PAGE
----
Murphet argues that these three auteurs have developed subversive alternatives to the previously dominant forms of dramatic realism in order to re-think the relationship between theatre and reality. They write and direct their own work, and their artistic experimentation is manifest in the tension created between their content and their form. Murphet investigates how the works are made, rather than focusing upon an interpretation of their meaning. Through an examination of these artists, we gain a deeper understanding of a late modernist paradigm shift in theatre practice.
In Pathos, Poetry and Politics in Michel Houellebecq's fiction, Russell Williams examines the literary style of France's most notorious novelist. Houellebecq is frequently the focus of debate for his provocative comments about Islam and the decline of Western civilisation. This book refocuses attention on how such provocation is an integral part of the texture of his novels.
Williams considers Houellebecq's writing about literature and outlines the key principles of the author's poetics, founded on an acute sensitivity to reading experience. He then explores Houellebecq's earliest poetry before mapping this poetic voice into his subsequent fiction, including Sérotonine (2019). Houellebecq's relationship with genre fiction and the crucial issue of the authorial persona that exists in and around his texts are also explored.
Tracing the Development of the Pirate Motif with Disney’s Pirates of the Caribbean
Author: Susanne Zhanial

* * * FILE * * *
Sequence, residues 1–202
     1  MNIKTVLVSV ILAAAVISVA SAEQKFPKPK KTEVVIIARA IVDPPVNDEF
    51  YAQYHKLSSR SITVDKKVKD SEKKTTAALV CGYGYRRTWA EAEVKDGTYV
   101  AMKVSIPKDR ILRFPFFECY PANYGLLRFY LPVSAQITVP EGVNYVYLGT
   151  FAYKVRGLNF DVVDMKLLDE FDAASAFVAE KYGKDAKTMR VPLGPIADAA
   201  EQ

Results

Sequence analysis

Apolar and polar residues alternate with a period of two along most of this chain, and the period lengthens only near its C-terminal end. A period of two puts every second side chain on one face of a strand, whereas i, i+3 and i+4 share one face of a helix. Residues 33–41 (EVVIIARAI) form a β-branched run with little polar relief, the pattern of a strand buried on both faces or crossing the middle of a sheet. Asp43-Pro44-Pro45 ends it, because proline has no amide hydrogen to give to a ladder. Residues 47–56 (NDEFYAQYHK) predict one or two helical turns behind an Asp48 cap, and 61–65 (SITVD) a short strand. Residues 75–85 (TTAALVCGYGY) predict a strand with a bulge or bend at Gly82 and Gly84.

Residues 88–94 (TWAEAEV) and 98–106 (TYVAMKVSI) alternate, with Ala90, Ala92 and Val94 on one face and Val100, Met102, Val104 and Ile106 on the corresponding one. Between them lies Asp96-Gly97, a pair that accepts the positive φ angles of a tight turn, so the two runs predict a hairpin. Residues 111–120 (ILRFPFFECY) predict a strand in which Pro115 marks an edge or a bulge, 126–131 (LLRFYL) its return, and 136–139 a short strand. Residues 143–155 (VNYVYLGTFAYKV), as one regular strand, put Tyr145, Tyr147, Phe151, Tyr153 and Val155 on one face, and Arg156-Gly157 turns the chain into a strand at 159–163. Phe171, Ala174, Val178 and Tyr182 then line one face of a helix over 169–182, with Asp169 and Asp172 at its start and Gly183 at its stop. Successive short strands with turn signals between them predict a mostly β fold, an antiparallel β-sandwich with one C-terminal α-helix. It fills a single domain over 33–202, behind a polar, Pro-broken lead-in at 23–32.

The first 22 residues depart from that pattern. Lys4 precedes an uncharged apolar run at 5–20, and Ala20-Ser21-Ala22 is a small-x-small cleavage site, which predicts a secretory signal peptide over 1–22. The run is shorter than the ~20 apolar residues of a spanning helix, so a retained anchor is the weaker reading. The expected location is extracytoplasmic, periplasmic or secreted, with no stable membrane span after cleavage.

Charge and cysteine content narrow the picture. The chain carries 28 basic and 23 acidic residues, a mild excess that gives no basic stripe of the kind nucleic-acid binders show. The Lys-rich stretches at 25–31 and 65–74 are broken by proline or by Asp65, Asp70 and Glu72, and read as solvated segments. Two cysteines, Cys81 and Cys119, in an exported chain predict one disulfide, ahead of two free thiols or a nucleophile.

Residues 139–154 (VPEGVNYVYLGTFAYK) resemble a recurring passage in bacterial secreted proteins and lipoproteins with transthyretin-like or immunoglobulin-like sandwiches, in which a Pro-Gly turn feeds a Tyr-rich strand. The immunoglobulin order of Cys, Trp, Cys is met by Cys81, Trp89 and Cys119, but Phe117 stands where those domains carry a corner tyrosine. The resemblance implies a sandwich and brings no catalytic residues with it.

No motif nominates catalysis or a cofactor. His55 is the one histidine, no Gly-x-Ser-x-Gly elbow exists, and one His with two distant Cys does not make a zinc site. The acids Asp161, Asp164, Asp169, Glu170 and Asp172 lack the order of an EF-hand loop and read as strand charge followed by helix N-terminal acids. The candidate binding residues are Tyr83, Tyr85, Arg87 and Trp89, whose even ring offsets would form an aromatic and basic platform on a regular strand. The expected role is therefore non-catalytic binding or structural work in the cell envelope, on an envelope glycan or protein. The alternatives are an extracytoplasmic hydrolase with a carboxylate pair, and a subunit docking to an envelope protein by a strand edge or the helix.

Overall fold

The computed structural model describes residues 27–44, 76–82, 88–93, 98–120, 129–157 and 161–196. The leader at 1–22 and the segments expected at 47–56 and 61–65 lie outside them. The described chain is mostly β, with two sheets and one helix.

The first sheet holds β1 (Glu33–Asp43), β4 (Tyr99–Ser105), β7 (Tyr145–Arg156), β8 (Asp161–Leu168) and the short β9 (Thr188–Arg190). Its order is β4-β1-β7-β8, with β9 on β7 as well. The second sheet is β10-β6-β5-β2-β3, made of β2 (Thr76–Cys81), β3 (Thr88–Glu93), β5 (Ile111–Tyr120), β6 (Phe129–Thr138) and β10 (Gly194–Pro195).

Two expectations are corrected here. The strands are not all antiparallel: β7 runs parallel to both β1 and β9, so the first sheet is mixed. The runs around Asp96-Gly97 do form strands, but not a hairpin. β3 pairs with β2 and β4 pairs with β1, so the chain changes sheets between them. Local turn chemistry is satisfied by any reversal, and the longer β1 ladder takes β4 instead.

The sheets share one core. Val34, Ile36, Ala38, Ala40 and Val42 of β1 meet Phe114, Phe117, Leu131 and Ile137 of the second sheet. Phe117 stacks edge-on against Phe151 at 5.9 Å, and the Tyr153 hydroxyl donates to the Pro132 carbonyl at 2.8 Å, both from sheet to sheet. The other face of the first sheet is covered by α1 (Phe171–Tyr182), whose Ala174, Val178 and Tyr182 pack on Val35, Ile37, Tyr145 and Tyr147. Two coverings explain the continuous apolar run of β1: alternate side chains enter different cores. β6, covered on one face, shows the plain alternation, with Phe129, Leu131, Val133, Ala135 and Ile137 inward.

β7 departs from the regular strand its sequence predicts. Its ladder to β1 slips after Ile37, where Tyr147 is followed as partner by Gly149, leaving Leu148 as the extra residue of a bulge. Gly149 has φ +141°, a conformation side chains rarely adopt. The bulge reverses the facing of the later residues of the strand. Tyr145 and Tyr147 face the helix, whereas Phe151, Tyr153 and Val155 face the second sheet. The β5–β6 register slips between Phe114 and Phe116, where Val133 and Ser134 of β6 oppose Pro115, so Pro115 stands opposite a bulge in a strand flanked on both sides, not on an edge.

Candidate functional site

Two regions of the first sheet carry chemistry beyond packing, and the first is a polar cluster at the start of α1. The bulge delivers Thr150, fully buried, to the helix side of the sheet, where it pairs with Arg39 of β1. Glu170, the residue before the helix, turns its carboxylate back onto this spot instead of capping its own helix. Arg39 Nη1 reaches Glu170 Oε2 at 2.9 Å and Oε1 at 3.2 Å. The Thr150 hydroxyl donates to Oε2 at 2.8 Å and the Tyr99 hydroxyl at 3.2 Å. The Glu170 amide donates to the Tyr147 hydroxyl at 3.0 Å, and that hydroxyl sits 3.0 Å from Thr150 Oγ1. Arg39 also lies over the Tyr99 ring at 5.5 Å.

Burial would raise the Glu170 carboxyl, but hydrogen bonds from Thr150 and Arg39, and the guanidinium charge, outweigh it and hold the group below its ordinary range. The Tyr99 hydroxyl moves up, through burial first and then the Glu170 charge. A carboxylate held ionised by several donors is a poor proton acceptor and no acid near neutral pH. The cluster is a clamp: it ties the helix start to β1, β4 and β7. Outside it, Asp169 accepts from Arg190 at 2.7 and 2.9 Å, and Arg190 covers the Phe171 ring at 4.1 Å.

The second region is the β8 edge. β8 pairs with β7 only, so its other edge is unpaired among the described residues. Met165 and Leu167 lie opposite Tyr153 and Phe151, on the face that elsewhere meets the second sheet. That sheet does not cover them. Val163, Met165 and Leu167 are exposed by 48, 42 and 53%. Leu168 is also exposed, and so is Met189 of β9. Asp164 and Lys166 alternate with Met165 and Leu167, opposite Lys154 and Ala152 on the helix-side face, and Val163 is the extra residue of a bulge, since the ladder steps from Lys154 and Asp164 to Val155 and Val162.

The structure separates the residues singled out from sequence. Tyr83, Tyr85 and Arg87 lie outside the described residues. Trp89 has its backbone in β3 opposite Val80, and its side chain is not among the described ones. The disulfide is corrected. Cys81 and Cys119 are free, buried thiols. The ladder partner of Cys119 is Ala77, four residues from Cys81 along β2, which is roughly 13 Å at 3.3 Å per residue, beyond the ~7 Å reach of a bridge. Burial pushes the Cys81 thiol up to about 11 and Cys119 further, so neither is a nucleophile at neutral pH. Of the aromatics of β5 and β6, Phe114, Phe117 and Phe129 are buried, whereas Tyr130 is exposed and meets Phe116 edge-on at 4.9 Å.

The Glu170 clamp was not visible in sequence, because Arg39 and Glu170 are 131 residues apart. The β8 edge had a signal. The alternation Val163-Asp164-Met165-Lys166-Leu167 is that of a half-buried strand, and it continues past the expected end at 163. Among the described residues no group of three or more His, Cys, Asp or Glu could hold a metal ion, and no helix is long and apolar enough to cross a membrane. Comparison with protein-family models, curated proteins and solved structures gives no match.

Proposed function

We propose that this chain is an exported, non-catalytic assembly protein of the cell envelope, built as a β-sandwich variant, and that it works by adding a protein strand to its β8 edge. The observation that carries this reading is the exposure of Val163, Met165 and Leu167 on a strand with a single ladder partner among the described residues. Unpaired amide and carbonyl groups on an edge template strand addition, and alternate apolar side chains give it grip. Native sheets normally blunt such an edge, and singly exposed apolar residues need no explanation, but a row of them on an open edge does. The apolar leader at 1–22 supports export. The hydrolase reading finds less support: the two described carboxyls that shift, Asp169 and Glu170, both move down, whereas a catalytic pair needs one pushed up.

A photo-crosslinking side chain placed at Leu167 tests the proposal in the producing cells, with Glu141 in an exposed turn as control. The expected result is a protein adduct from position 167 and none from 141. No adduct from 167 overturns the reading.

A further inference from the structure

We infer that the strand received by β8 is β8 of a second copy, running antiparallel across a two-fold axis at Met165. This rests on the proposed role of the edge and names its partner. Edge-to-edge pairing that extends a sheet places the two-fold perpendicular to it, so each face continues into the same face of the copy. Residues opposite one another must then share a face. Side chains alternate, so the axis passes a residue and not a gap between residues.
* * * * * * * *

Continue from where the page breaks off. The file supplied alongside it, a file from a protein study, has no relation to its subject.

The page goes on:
Postmodern Pirates offers a comprehensive analysis of Disney’s Pirates of the Caribbean series and the pirate motif through the lens of postmodern theories. Susanne Zhanial shows how the postmodern elements determine the movies’ aesthetics, narratives, and character portrayals, but also places the movies within Hollywood’s contemporary blockbuster machinery. The book then offers a diachronic analysis of the pirate motif in British literature and Hollywood movies. It aims to explain our ongoing fascination with the maritime outlaw, focuses on how a text’s cultural background influences the pirate’s portrayal, and pays special attention to the aspect of gender. Through the intertextual references in Pirates of the Caribbean, the motif’s development is always tied to Disney’s postmodern movie series.
Intellectual Biography and Critical Balance-Sheet
Perhaps no philosopher is more of a conundrum than Nietzsche, the solitary rebel, poet, wayfarer, anti-revolutionary Aufklärer and theorist of aristocratic radicalism. His accusers identify in his ‘superman’ the origins of Nazism, and thus issue an irrevocable condemnation; his defenders pursue a hermeneutics of innocence founded ultimately in allegory. In a work that constitutes the most important contribution to Nietzschean studies in recent decades, Domenico Losurdo instead pursues a less reductive strategy. Taking literally the ruthless implications of Nietzsche's anti-democratic thinking – his celebration of slavery, of war and colonial expansion, and eugenics – he nevertheless refuses to treat these from the perspective of the mid-twentieth century. In doing so, he restores Nietzsche’s works to their complex nineteenth-century context, and presents a more compelling account of the importance of Nietzsche as philosopher than can be expected from his many contemporary apologists.